All performance information in this piece reflects past performance, is presented on a total return basis, reflects the reinvestment of distributions, and does not reflect the deduction of taxes that a shareholder would pay on fund distributions or the redemption of fund shares. Past performance is no guarantee of future results. Investment return and principal value of an investment will fluctuate, so that shares may be worth more or less than their original cost when redeemed. Shares redeemed within 30 days of purchase may be subject to a 1% redemption fee payable to the Fund, which is not reflected in the performance shown above; if it were, performance would be lower. Current month-end performance may be higher or lower than performance quoted and may be obtained here. All performance and risk information reflects results of the Investment Class (its oldest class). Operating expenses reflect the Fund’s total annual operating expenses for the Investment Class as of the Fund’s most current prospectus and include management fees, other expenses, and acquired fund fees and expenses. Acquired fund fees and expenses reflect the estimated amount of the fees and expenses incurred indirectly by the Fund through its investments in mutual funds, hedge funds, private equity funds, and other investment companies. Shares of RTR’s Service, Consultant, R, and K Classes bear an annual distribution expense that is not borne by the Investment Class. Regarding the "Top Contributors" and "Top Detractors" tables shown above, the sum of all contributors to, and all detractors from, performance for all securities in the portfolio would approximate the Fund’s year-to-date performance for 2015.

The thoughts expressed in this piece concerning recent market movements and future prospects for small company stocks are solely the opinion of Royce at December 31, 2015, and, of course, historical market trends are not necessarily indicative of future market movements. Statements regarding the future prospects for particular securities held in the Funds' portfolios and Royce's investment intentions with respect to those securities reflect Royce's opinions as of December 31, 2015 and are subject to change at any time without notice. There can be no assurance that securities mentioned above will be included in any Royce-managed portfolio in the future.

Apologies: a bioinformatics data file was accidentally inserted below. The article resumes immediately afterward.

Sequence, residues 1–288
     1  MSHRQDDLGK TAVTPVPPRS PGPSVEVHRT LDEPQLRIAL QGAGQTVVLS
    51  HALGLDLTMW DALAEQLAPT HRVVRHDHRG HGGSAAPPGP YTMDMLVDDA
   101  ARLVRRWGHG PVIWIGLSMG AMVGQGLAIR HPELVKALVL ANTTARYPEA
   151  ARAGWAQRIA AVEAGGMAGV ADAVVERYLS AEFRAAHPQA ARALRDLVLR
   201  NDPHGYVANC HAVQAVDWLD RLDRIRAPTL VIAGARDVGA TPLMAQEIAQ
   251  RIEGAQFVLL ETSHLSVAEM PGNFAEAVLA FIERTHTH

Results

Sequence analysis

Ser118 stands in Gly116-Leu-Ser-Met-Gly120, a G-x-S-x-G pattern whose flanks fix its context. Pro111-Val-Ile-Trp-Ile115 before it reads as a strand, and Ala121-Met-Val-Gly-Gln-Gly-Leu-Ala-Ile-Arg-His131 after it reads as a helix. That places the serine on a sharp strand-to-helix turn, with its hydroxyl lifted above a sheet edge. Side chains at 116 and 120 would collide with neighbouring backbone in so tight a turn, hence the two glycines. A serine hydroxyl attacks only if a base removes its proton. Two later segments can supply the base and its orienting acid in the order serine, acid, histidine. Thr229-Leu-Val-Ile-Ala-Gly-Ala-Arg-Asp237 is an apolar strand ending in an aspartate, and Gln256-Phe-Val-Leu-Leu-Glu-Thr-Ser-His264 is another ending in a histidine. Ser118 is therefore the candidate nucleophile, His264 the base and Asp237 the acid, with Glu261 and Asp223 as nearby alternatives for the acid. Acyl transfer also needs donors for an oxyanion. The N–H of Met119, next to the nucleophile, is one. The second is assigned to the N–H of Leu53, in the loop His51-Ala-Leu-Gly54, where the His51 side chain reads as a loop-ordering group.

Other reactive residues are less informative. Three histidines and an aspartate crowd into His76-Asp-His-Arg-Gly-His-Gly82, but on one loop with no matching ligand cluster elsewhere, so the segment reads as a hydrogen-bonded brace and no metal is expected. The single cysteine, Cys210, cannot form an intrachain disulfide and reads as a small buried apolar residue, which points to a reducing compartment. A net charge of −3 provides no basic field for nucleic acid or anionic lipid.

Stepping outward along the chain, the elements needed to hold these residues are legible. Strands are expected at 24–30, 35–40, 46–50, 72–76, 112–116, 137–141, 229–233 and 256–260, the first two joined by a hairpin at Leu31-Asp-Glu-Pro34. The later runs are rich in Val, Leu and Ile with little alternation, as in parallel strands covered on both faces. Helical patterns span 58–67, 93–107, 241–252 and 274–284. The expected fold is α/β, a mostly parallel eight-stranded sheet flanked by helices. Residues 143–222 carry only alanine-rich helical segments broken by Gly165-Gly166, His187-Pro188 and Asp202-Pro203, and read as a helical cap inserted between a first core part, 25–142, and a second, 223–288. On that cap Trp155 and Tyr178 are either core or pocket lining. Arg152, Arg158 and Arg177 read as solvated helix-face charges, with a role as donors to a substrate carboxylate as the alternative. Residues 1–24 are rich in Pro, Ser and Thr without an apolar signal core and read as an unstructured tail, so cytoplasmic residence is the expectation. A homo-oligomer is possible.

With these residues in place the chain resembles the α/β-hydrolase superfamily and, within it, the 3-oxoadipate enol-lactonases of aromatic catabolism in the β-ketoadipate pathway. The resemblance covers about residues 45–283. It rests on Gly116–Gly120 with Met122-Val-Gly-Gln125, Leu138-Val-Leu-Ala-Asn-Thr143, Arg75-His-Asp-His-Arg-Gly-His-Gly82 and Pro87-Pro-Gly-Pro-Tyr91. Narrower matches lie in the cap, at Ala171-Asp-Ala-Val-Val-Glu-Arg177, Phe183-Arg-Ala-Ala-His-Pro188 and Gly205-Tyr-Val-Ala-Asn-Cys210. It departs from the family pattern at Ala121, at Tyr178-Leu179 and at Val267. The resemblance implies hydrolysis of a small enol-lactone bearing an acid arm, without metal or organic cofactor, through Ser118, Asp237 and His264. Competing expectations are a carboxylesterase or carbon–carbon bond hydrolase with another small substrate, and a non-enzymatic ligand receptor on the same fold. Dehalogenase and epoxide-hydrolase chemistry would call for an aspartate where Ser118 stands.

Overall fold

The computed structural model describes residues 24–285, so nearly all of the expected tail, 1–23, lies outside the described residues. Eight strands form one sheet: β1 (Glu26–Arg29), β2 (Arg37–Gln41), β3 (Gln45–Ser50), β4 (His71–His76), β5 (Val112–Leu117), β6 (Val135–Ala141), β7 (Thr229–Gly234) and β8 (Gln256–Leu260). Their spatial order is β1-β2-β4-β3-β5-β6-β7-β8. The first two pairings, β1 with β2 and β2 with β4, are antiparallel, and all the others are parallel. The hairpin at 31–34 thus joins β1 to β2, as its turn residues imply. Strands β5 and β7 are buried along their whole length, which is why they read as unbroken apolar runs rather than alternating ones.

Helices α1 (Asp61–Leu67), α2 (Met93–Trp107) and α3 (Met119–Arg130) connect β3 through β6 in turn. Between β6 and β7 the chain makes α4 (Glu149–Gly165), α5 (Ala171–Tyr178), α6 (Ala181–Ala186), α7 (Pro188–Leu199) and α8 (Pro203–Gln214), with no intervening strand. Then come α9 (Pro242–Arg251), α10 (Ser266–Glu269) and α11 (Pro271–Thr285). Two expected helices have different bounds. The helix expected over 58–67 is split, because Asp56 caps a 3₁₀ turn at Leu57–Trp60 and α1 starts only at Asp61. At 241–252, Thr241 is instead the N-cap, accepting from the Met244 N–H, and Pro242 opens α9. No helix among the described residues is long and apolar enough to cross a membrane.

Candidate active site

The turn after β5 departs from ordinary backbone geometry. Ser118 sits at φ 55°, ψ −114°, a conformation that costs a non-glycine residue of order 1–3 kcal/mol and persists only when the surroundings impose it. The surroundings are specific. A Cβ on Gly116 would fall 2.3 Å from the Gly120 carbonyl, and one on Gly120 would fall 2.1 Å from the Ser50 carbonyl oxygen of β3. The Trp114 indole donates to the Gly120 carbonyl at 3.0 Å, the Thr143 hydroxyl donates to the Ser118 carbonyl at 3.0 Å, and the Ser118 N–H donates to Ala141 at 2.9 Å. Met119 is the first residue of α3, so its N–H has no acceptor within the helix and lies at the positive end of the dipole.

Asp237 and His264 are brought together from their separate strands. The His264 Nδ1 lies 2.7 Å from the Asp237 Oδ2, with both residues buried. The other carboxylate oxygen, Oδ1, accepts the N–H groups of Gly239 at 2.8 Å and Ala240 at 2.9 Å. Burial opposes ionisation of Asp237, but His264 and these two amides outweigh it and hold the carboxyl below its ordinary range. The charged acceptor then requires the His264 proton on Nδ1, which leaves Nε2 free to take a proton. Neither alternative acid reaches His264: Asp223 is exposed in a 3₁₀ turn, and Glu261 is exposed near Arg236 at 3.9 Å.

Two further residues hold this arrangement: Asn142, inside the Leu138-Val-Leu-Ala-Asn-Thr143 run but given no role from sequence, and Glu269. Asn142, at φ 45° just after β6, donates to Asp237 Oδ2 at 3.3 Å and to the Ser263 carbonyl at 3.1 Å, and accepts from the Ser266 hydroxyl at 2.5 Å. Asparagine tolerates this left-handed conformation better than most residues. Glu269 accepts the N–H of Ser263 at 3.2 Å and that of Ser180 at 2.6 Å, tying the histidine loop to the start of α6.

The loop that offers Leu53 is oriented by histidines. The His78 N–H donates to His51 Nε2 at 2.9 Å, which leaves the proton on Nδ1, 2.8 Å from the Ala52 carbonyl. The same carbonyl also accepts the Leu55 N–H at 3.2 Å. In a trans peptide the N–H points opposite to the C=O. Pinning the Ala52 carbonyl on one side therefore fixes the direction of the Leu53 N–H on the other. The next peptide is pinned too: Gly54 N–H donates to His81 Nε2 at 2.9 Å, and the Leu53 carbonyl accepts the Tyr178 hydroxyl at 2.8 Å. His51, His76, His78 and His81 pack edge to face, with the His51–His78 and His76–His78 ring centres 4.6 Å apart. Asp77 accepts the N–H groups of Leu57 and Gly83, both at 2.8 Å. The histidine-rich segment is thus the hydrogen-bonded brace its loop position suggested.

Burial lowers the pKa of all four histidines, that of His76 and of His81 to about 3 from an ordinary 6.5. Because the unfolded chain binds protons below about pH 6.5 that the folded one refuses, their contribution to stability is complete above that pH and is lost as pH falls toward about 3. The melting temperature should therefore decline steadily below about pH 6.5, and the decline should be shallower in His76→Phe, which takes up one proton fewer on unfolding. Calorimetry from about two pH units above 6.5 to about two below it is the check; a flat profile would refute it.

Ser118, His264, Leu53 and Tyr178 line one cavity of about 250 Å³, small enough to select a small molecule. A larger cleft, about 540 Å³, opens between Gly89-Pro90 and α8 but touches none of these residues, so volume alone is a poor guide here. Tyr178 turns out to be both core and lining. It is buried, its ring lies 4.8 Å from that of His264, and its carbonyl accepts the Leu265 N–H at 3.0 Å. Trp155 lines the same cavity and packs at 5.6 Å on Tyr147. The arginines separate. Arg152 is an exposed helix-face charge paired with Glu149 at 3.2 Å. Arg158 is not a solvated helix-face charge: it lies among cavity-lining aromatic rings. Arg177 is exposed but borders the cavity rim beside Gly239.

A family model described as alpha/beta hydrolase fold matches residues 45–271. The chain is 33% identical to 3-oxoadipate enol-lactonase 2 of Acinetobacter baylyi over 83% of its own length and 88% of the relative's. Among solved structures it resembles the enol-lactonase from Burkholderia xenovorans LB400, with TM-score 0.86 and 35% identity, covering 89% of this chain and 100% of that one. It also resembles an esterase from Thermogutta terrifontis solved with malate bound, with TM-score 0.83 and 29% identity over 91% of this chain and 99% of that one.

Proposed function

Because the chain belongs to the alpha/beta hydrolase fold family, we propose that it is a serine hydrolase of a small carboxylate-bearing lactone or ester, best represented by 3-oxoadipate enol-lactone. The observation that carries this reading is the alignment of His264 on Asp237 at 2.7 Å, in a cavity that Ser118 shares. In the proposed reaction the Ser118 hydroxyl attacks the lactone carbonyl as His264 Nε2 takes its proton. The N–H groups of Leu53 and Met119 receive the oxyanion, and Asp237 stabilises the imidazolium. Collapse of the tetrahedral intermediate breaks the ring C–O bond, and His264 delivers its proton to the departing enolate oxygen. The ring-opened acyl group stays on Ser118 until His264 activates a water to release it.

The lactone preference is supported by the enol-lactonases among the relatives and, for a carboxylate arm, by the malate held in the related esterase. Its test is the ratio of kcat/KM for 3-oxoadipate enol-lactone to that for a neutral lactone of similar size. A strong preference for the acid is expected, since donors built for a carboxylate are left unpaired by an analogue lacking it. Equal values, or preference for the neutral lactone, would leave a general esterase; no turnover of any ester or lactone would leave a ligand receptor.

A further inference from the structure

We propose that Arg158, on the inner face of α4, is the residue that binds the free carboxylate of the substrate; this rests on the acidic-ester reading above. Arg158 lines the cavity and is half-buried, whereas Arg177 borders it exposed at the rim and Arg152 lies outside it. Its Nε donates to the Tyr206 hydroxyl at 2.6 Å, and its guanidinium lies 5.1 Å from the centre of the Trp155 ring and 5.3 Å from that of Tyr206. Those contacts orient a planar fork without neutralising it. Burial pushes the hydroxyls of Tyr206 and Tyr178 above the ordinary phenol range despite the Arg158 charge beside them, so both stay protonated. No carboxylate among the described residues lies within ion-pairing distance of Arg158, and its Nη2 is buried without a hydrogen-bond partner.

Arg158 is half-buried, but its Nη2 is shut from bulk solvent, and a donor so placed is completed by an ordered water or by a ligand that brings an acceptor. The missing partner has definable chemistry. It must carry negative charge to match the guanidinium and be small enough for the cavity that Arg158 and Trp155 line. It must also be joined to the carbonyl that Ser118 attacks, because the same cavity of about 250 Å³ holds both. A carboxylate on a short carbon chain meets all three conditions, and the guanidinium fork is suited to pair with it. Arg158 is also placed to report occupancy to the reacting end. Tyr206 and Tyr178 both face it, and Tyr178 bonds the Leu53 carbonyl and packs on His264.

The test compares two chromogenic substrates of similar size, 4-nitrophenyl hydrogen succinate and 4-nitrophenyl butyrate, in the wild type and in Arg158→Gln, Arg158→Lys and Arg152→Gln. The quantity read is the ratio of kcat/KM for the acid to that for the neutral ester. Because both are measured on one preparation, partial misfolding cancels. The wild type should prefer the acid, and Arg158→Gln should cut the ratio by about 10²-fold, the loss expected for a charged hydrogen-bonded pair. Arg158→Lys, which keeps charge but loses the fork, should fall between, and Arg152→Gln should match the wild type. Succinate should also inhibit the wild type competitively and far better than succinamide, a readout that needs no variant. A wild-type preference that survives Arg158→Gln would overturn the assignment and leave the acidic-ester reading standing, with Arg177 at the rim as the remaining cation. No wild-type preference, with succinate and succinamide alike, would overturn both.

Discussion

As of 12/31/15, Tidewater was 0.0% of the Fund’s net assets, SEACOR Holdings was 1.0%, The Buckle was 0.6%, DSW was 0.6%, Dillard’s was 0.6%, and Markel Corporation was 1.4%.

This material is not authorized for distribution unless preceded or accompanied by a current prospectus. Please read the prospectus carefully before investing or sending money. The Fund invests primarily in small-cap stocks, which may involve considerably more risk than investing in larger-cap stocks. (Please see "Primary Risks for Fund Investors" in the prospectus.) The Fund’s broadly diversified portfolio does not ensure a profit or guarantee against loss. The Fund may invest up to 25% of its net assets in foreign securities (measured at the time of investment), which may involve political, economic, currency, and other risks not encountered in U.S. investments. (Please see "Investing Foreign Securities" in the prospectus.) Russell Investment Group is the source and owner of the trademarks, service marks, and copyrights related to the Russell Indexes. Russell® is a trademark of Russell Investment Group. The Russell 2000 Index is an unmanaged, capitalization-weighted index of domestic small-cap stocks. It measures the performance of the 2,000 smallest publicly traded U.S. companies in the Russell 3000 Index. The performance of an index does not represent exactly any particular investment, as you cannot invest directly in an index.